Story by Megan Ripley, a senior at Corcoran High School
Two Corcoran High School seniors describe what they love about their education and why they believe students should put hard work first
Graduation rates are slowly decreasing, and our district offices are scrambling for change. However, Corcoran High School’s highly recognized International Baccalaureate Diploma could be a source for that change.
Many students have already pursued careers at prestigious institutions, such as Brown University and Cornell University, with the help of this program. Syracuse City School District Commissioner Calvin Corriders suggested in an interview published in The Post-Standard in 2007 that an extensive reading program in our city’s elementary and middle schools was the way to improve literacy levels and graduation rates for future classes.
Is there hope?
I interviewed two of Corcoran’s most thriving seniors, Alicia Cobb and Vasiliy Pechenyy.
Both students have been pursuing their goal to receive the International Baccalaureate Diploma their whole high school careers. They are close to achieving their goals.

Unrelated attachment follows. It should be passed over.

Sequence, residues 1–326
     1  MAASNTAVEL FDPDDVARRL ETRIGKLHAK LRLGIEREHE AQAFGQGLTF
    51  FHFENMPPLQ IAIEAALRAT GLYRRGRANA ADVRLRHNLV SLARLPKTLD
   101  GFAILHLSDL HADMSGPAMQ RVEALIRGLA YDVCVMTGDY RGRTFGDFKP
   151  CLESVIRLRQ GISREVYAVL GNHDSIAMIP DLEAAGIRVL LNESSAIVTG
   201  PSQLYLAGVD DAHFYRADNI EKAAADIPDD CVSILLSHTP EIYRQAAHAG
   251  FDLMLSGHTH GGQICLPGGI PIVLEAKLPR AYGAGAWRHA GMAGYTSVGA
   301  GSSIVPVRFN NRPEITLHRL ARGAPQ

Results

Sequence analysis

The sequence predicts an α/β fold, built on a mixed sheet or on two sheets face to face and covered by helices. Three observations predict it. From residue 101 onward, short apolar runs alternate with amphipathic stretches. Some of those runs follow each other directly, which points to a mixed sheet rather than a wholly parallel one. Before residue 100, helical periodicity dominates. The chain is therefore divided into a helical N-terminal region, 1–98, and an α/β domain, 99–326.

Read more about them and why they believe in Corcoran High School.
Alicia Cobb plans to major in film production because she is passionate about theatrical arts. Various institutions such as Rochester Institute of Technology and Oswego State University of New York have caught her attention.
She will miss theater and English teacher Greg Hipius because they have created a bond over the past four years. “He’s more than a teacher to me, and he seems more like a friend with all the time I spend with him, whether it’s in class, or those hours after school trying to perfect scenes for an upcoming show,” Alicia said.
As for Corcoran, Alicia hopes the school remains. Alicia also hopes that IB and non-IB students become more integrated. She feels the split between the two academies could potentially ruin prior friendships.
Vasiliy Pechenyy plans to study engineering at Syracuse University in the fall. He enjoys the challenges and complexity of mathematics and science. Physics teacher Debbie Panebianco and English teacher Megan Root have encouraged him to strive for the best, which has helped him become the successful person he is today.
Vasiliy wishes for future students to put forth more effort in their academics, instead of doing the bare minimum. He hopes they realize how hard work can grow into a promising future for them.
His advice for future scholars: “Just don’t give up, and when you do give up, DON’T!” Vasiliy continues to strive for excellence, even though he is close to graduating with honors.
— Megan Ripley is a senior at Corcoran High School and a South Side resident. She is a member of Kristie Yarnell’s journalism class. If you are a high school student and would like to write for The Stand, contact Ashley Kang at firstname.lastname@example.org